No, it's not just Muddy Waters with beer.
The relocated version of this grungy south Minneapolis coffee shop -- now near Lake and Lyndale, five blocks from its old haunt -- is something else entirely.
Don't get me wrong, it's still the punk-rock version of "Cheers." Everyone still knows your name (if you have the right number of tattoos and piercings). But I spotted enough Uptown yuppies and even some septuagenarian theater-goers (on their way to the nearby Jungle Theater) to realize that the buzz surrounding this place is spreading like spilled coffee.
And for good reason. While it's probably too early to make grandiose statements about a spot that's been open for only three weeks, I'll just go ahead and do it. Muddy Waters -- or rather, Muddy Waters Bar & Eatery -- is one of the year's best new bars.
For owners Sarah Schrantz and Danielle DePietto, the move came out of necessity. Last August, Schrantz said, their landlord at 24th and Lyndale said rent would rise 66 percent. So they packed up with plans to relocate and tweak the concept. Only problem: The regulars at Muddy Waters want their Muddy Waters.
"We painted the walls once at the old place, and people freaked out," Schrantz said.
Chances are the new place will have you freaking out in a good way. Whether you're a 7 a.m. black coffee drinker or a late-night craft-beer nerd, here are five things you should know about the reinvented Muddy Waters.
1. The owners' new partner has a beer belly.
"They found me under a bridge, drinking out of a paper bag," joked Paddy Whelan. To manage this new undertaking, Schrantz and DePietto needed a bar-business veteran. They found it in Whelan, who had been a Turf Club bartender and a longtime delivery man for Surly Brewing. A more appropriate title for him might be "ecstatic beer ambassador." In fact, he still wears his navy Surly work shirt at the bar.
Whelan has outfitted the joint with a smart list of 30 tap beers -- seven of which are dedicated to Surly. He had a beer-release party with Deschutes this week and is planning more. (And don't overlook the scotch and whiskey selection.) Whelan said his family sometimes asks him if he thinks he'll be a bartender all his life. His answer: "I sure hope so."
2. Mussels, anyone?
"We did everything at the old Muddy Waters with a microwave and a toaster oven," Schrantz said of her previous food options. The new kitchen is being overseen by Scott Hurlbut, formerly of the Uptown Bar. I'd call his menu American gastropub; he preferred "weird and laid-back."
One thing's for sure, it will surprise you, both for its variety and affordability. On the high end there is a Surly Bender braised pot roast ($16), while steamed mussels are $11. On the low end, you'll want to check out the killer fennel-kraut hot dogs (two for $5.25!). The Brooklyn lager battered fish tacos ($7) are another good late-night snack. A must: the yucca fries ($4.50), which come with avocado and chimichurri.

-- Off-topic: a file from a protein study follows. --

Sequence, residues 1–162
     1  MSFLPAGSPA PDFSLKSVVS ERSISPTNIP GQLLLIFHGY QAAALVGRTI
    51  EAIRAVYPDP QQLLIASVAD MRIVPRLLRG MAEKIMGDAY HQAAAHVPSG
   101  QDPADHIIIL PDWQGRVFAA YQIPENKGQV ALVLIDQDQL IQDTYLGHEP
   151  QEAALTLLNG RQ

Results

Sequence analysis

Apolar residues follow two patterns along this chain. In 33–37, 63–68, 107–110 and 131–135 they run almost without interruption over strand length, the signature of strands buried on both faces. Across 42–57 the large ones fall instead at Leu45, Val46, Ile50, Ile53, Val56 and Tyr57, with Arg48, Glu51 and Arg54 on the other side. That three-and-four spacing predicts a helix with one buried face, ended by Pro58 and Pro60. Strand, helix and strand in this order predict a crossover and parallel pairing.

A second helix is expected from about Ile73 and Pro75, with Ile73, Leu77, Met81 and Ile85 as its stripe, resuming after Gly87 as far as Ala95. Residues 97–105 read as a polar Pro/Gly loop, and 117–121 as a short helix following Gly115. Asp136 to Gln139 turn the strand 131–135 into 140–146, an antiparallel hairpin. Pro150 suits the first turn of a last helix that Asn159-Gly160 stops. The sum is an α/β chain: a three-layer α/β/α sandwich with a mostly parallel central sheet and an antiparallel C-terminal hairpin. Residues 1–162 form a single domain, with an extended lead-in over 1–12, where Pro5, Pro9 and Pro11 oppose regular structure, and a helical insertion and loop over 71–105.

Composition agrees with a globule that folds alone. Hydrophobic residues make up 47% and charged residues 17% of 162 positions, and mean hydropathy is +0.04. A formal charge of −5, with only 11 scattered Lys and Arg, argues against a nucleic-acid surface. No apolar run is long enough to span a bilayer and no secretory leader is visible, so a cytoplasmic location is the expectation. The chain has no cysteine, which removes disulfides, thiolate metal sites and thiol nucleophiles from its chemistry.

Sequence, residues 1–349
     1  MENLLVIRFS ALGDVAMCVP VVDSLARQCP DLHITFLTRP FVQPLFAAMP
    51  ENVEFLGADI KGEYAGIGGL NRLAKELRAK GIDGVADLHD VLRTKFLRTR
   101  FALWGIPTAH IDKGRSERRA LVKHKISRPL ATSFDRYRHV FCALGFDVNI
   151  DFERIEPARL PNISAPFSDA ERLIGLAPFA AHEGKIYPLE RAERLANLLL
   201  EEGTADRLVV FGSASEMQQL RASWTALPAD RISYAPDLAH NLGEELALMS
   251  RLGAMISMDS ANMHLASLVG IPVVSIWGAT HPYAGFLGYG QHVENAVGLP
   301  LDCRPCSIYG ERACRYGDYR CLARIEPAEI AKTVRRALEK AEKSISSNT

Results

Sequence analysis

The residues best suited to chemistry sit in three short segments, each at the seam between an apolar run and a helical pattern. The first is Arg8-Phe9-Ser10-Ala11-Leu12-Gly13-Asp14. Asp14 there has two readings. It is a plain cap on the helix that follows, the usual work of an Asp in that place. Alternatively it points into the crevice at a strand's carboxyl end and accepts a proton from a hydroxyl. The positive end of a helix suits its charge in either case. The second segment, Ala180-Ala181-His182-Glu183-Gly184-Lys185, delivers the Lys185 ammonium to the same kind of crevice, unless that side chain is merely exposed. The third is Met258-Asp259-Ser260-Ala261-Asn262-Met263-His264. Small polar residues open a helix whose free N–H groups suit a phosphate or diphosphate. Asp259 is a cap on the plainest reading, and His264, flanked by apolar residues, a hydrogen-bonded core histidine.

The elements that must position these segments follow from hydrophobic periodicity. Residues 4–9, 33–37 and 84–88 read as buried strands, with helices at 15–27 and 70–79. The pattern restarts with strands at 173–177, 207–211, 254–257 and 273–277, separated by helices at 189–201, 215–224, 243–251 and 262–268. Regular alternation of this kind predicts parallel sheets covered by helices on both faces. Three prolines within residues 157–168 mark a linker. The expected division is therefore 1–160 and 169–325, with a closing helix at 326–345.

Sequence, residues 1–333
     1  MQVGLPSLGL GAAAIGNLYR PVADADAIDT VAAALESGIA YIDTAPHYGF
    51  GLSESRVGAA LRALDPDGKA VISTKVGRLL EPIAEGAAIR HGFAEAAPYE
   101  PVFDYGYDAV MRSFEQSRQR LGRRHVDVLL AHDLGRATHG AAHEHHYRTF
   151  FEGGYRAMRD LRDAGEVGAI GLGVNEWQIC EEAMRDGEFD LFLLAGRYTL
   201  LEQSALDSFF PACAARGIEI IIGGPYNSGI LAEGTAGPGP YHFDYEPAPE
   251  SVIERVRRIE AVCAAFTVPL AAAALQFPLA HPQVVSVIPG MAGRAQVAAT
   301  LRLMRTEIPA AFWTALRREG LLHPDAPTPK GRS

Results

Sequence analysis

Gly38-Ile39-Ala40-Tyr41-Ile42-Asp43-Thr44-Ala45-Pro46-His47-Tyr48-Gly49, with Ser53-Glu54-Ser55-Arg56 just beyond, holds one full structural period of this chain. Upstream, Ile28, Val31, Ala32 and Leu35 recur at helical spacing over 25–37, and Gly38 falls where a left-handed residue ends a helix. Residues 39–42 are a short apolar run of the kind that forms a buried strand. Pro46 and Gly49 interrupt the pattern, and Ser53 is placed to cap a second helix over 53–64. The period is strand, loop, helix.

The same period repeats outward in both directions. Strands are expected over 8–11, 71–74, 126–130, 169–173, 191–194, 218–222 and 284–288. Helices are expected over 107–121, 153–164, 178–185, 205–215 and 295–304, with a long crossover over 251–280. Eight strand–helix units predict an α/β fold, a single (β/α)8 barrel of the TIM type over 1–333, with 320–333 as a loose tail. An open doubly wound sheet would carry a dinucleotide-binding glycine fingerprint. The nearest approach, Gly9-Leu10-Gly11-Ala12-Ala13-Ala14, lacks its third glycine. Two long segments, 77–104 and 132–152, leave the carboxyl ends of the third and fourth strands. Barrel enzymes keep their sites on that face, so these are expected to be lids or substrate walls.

3. Reclaimed barn wood goes a long way.
The space was basically a big garage used to store fancy furniture from the Jon English salon. A complete build-out produced a beautiful interior with a long bar and snug booths carved from recycled barn wood. A cozy patio is nestled between the building and the neighboring Lyndale Tap House. It's prime real estate this summer, but if you're not a smoker the intimate setting can sometimes feel like a smoke chamber.
4. A who's who of Twin Cities musicians, here to serve you.
The old Muddy Waters was a magnet for musicians, and that hasn't changed. At the new spot, Billy Morrisette (Dillinger Four) manages, Kat Naden (God Damn Doo Wop Band) controls the coffee counter, while Christy Hunt (Pink Mink), Kyle Smith (Cecil Otter from Doomtree) and Lori Barbero (Babes in Toyland) dish out food and drinks. Makes me wonder: When are we going to hear "Muddy Waters: The Album"?
5. Have no fear, this is still a coffee shop.
Muddy Waters already has cultivated a late-night bar crowd (it serves food till 2 a.m.). But the small coffee bar (across from the real bar) isn't just for looks. The in-house bakery churns out a wide assortment of morning snacks, including a devastatingly sweet maple muffin with bacon baked into the middle. The java, sourced from B&W Specialty Coffee, tastes a little different, too. They ditched the old coffee machine (which might have been 20 years old) for the "race car of espresso makers." The new one, Schrantz said, "has a lot less built-in flavor."
The rest of Muddy Waters seems just as fresh. But don't worry -- its built-in flavor isn't going anywhere.